It is the same with 17 - 19. (For 17 you would "twist" the number 7. Eighteen would use an 8, and nineteen would use a "9.") Is that clear or do you need more explanation?

Tigie: ok thanks

Lii: How do I sign the 20's? I seem to have trouble with those numbers.

DrVicars: Again we have at least two ways. The simplest is to do the number "2" then the next
number. For example, "25" would be done by showing a "2" then showing a "5." A somewhat
more popular method seems to be to sign the letter "L" then the second digit. The "L" indicating
that you are in the "20's" and the second digit indicating which particular number of the twenties.
For example: You can sign "21" by showing an "L" and then a "1." The number 20 looks like
the letter g with the index and thumb closing together a couple times.

Most people tend to bounce the number "2" twice to represent the concept of 22.
[bend the hand down and up at the wrist, first pointing slightly to the left and then again pointing
somewhat to the right.] The numbers 23 and 25 can have a fluttering motion. "23" looks like
the number 3 with the middle finger fluttering up and down a few times. "25" looks like the
number 5 with the middle finger fluttering up and down a few times.

Crazy: So only one hand is use for those numbers we just discussed?

DrVicars: Yes, that is correct.

Crazy: No wonder I was confused, I was thinking it was 2 hands!

Art: What does "L" have to do with it?

DrVicars: "L" has nothing to do with it. That is just the way deaf people do it. Try to not think
of it as an "L" but rather think of it as a digit that in context represents "the twenties." Why do
you say dog instead of woof because that is the way it ended up in the language. We (I) get
spoiled in ASL because so many things are iconic. Who knows what iconic means?

Lii: I don't.

Kloos: Symbolic?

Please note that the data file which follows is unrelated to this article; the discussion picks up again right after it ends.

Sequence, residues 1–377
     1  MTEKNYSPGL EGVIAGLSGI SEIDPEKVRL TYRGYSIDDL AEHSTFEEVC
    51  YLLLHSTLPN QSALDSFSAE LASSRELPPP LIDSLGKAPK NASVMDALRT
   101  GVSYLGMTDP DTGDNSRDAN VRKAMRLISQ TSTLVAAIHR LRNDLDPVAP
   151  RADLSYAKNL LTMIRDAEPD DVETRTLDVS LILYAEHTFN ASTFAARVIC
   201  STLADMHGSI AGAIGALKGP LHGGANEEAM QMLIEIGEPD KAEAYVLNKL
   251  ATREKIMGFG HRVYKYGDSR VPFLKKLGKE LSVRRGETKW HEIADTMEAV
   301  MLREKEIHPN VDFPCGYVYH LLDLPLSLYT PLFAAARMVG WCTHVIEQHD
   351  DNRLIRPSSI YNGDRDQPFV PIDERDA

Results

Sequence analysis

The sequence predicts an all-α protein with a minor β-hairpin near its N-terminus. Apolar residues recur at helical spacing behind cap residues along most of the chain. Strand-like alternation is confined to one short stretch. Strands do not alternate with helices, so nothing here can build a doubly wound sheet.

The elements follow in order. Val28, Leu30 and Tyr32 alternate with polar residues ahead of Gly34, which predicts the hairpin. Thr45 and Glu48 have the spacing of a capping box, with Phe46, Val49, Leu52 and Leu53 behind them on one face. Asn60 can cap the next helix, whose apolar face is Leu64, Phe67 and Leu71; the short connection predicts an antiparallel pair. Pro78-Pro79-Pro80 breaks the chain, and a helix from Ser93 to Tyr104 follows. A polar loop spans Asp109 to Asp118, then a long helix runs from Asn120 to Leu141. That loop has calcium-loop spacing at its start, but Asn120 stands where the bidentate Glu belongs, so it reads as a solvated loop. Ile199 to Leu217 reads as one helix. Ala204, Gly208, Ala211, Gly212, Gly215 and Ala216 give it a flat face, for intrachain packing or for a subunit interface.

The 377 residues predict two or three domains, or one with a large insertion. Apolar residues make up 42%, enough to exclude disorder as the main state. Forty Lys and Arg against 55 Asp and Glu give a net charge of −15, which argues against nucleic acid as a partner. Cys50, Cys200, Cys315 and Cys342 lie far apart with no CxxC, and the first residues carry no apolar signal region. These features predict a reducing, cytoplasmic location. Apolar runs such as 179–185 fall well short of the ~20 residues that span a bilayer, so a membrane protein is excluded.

KC: Looks like what it is?

DrVicars: Right KC. The sign for cat visually represents a cat's whiskers. In computer terms, an icon is an image on the screen that represents a certain command. For example, a little picture of a trash can might represent the command for the computer to "throw away" or erase a file, but in general an icon is a symbol or image that represents something. I'm using it here to mean "visually representational." But you need to remember that not all signs are iconic. ASL, like any true language, is symbolic and at times arbitrary. Signs mean what they do because the people who use them say so, and that is the bottom line.

Aimie: It actually makes things easier to remember that way. [iconically]

DrVicars: Oh sure, we are "lucky" there are so many signs that look like what they represent.

Aimie: Like for meat you grab the flesh of your hand!

WVicars1: How about the number 100? What is the handshape?

Student: The letter C.

WVicars1: Right! One bit of advice though--over time the signs mutate and might not look like a C it might look like a crooked finger or the 1000 might look like a bent B

WVicars1: Why do we use the "C" for a hundred, or an "M" for the number thousand? [Note: One of the ways to sign the number 1,000 is to make an "M" on the right hand, then touch the fingertips of the "M" to the center of the left "B" palm.]

Kloos: Same as Roman numerals
WVicars1: Right! Back in the "old days" it started out as an "M" but it has mutated to a bent hand. Some people still do the letter M.

Also, the Roman numeral analogy only goes so far--the roman numeral L doesn't represent the number 50 in ASL. You just do a "5" and a "0."

Kloos: How high should we be able to sign on the numbers?

DrVicars: infinity <grin> No really, just to the thousands, for this class. To do the larger
numbers, you just string them together. For example, to sign 104 you can do "1-C-4" or
"1-0-4."  (I tend to do the 1-0-4 version) To do 111 you sign "1-C-11" and so forth up to 1000. Then you do 1-THOUSAND
(bent right "b" palm fingertips touch center of left flat "b" palm).

In a message dated 7/20/2005 4:05:05 AM Pacific Daylight Time, writes:
We were taught 16-19 this way: make a 6 + rub pinky against thumb a couple times, 7 - rub ring finger against thumb, etc.
Response:  That is a fairly popular way to do it in some parts of the country.  I saw that "style" for the first time at the Indianapolis Deaf Club back in 1986.  I thought it was so strange since I had only seen the "twisting" version up until then (having grown up in Utah).